There are dangers to your privacy lurking in every nook and cranny of the internet, although not everyone takes them seriously. You may trust that larger companies wouldn’t stoop so low as to collect information from you and exploit it to make money, but here at TechRadar Pro, we wouldn’t put it past them.
When you visit virtually any website, the chances are that the company behind that website is learning more about you. Typically, this is so they can show you more relevant advertising based on what you’ve searched for and looked at in the past, a technique called targeted advertising. In other cases, though, they’re selling your information to other companies who want your money.
We’ve looked into 10 specific methods that websites use to pry information out of your devices, usually without your knowledge or consent. Despite the common misconception that the internet is anonymous, this couldn’t be further from the truth, as more and more organizations find ways around laws like the GDPR, which prohibit them from simply taking your name and address straight from your Contacts app.
While complete anonymity on the internet is impossible, there are a number of simple steps you can take to prevent almost all forms of online tracking. Where possible we’ve listed these alongside ways bad actors can track you, so you can stay safe. There’s no one magic bullet solution though, so make sure to keep reading in order to find the different methods you need to use.
1. Tracking your browsing history
The moment you land on a website that wants your data, it’s going to start swiping your browsing and search history from right under your nose, and save it for later analysis. More often than not, as we’ve mentioned, this is then used for marketing products and services that are relevant to your online behavior.
This is one area where using the best VPN won’t necessarily help, as if you’re signed into your account e.g. on an online retailer they can still link your activity to your name through using cookies. Rather worryingly some cookies are “cross site”, so for instance if you visit a website to get a quote for life insurance they may see a cookie that tells them you’ve previously bought a book on quitting smoking.
Some sites do allow you to opt out of being tracked, although we can assure you that this feature isn’t especially easy to find on the rare occasion that it exists at all.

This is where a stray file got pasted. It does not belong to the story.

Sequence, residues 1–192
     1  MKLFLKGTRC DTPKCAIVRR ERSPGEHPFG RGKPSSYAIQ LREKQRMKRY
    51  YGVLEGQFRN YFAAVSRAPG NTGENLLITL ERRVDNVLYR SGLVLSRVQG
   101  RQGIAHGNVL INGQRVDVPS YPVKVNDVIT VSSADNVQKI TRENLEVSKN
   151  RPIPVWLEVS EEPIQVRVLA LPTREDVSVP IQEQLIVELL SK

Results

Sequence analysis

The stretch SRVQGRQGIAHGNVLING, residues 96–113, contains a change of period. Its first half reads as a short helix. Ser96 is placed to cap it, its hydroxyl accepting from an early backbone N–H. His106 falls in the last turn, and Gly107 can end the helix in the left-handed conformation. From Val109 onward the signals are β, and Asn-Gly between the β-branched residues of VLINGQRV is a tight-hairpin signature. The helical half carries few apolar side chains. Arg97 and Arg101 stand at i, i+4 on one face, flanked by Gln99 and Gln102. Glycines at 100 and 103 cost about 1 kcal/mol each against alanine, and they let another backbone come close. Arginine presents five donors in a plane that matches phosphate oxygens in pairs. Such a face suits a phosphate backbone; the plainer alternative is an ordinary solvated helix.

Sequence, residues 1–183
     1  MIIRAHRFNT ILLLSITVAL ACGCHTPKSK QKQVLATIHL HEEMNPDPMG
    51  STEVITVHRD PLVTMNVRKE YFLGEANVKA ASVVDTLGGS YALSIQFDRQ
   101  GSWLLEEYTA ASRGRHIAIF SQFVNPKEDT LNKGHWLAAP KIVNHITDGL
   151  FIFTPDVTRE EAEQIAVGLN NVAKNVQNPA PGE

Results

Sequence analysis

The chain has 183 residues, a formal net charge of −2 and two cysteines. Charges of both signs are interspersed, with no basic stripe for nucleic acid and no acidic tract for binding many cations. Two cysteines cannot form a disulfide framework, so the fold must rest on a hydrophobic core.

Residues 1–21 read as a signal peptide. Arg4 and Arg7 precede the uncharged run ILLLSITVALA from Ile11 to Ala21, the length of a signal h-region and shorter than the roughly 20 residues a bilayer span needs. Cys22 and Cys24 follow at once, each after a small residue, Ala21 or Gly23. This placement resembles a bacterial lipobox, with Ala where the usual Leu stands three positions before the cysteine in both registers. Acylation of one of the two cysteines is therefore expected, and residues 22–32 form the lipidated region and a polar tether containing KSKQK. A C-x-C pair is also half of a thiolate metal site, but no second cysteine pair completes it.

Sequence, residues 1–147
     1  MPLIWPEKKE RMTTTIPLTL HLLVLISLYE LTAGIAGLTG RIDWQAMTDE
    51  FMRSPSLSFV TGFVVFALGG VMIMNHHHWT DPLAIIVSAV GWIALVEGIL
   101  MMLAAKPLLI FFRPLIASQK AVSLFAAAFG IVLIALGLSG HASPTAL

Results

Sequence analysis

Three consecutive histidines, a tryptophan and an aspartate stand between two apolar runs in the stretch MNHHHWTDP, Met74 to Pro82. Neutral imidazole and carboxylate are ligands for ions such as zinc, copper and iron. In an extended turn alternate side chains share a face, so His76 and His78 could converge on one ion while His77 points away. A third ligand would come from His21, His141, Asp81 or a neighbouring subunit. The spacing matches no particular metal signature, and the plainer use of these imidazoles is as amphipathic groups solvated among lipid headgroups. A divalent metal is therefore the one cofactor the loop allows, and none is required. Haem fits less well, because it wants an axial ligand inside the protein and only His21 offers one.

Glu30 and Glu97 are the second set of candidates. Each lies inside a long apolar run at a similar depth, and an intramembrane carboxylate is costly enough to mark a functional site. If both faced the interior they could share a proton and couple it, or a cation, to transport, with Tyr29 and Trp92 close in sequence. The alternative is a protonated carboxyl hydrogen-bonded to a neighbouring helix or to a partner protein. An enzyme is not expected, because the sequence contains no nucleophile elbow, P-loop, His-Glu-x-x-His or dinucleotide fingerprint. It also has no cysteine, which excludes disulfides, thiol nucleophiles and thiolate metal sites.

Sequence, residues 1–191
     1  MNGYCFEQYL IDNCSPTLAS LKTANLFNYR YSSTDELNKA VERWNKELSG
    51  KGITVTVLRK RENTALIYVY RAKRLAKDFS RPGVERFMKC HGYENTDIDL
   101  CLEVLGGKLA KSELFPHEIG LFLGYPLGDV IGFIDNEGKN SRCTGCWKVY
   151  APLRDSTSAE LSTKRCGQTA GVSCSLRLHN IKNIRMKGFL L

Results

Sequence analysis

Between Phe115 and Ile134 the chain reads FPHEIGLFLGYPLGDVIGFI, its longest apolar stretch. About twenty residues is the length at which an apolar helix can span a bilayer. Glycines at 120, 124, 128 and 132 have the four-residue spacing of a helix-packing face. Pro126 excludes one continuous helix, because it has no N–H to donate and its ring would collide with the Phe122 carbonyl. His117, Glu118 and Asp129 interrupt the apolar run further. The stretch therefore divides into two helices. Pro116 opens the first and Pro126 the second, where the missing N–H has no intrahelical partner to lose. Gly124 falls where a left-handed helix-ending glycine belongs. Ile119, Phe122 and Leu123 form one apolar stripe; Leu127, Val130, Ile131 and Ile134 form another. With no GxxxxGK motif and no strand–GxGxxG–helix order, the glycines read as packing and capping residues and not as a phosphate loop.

Most “do not track” options are simply a way for your browser to request that the website doesn’t retain your information but often there’s no way to check if this is actually being done.
Some browsers such as Mozilla Firefox take a more aggressive stance on tracking and actively try to prevent it. You can also protect yourself further by using a privacy-oriented search engine like DuckDuckGo.
Read more about this kind of tracking and ways to protect yourself in our online guide.
2. Super cookies
If a cookie keeps track of your site visits and activity, then a ‘super cookie’ is a cookie that tucks itself away from the main cookie database. Some of these go as far as storing themselves in more than one location, and reactivating old cookies that you went out of your way to delete.
Websites use these super cookies to monitor the routines of those who are smart enough to remove their browsing history and cache. By peering into the data of your other installed web browsers, super cookies are particularly sneaky pastries.
Technically you could reset your entire device to factory settings and not be safe from super cookies as they can be re-inserted into your browser via your ISP. This makes super cookies far worse than the regular kind.
Security researchers and browser developers have engaged in a game of cat and mouse over the years detecting where super cookies might be lurking within internet software, only for unethical companies to find somewhere new to hide them. This can be within a web browser or even somewhere on your hard drive.
Even if you remove supercookies though and use ‘incognito mode’ on your browser that doesn’t affect the data your ISP may have already gathered on your previous connections.